Kaine to College: Prepare for more budget cuts

The state is once again asking the College of William and Mary to prepare plans for budget cuts.

State colleges and universities, along with all state agencies, must submit plans for budget cuts of five, ten and 15 percent to Virginia Governor Timothy Kaine’s office by July 22.

At the College, that could be between $2 million and $6 million, according to Vice President for Finance Sam Jones ’75 M.B.A. ’80.

Although it is still possible state universities will not face budget reductions, Jones said a reduction is likely.

“I’m expecting it,” he said. “Now, the level, I don’t think there’s any way to understand what that would be at this point.”

The request comes just days into the new fiscal year, after four consecutive years of state budget cuts. Last year the state also asked higher education institutions to plan for five, ten and 15 percent cuts. Then, in October, Kaine cut the budgets of the College and the Virginia Institute of Marine Science by 6.6 percent, or $4.9 million.

VIMS is overseen by College administration but funded separately by the state.

Jones said the College’s finance staff will likely work on the proposals until the July 22 deadline. However, for the College, there is “not a whole lot of options” when it comes to trimming the budget.

“It gets more and more difficult to cut operating funds and that type of thing because this is, I think, the fourth round of budget reductions,” Jones said. “So we’ve already taken actions to reduce operating funds for things like travel and printing and all of those kinds of things.”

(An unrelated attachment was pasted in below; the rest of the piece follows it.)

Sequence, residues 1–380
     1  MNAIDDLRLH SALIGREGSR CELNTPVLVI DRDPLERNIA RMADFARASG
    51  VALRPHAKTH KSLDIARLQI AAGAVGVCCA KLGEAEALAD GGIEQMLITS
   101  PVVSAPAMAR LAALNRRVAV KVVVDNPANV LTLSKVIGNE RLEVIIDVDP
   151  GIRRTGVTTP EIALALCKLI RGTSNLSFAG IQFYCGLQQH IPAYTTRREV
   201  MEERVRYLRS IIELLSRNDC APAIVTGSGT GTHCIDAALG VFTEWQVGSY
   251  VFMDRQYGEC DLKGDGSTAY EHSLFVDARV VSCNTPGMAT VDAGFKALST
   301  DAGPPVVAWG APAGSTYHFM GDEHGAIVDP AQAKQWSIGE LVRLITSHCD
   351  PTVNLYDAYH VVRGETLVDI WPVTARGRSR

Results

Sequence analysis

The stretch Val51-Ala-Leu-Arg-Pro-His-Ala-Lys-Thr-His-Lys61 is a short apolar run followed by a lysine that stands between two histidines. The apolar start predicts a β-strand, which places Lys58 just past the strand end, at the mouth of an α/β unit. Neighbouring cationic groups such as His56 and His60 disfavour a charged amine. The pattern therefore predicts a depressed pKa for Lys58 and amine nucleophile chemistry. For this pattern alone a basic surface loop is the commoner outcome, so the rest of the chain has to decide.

Instead of operating reductions, some variation on a hiring slowdown or freeze is possible.

Jones also noted that it is “too early to say” on mid-year tuition increases to offset cuts.

“We’ve already set tuition on next year,” he said. “Certainly students and their parents have planned on certain amounts and so it’s not an action you would take without a lot of thought.”

For now, all the College can do is hope for an improvement in the state and national economies, which would ease pressure to cut the budget and could eventually lead the state to restore some money to universities.

Jones, however, is not optimistic for any near-future improvement.

“The crystal balls aren’t real good about when there’s going to be recovery,” Jones said. “We would like to think in the long haul that some of this money comes back, but I’m not sure we can plan on it in the next couple of years. But you talk to a different economist and they may have a different answer.”


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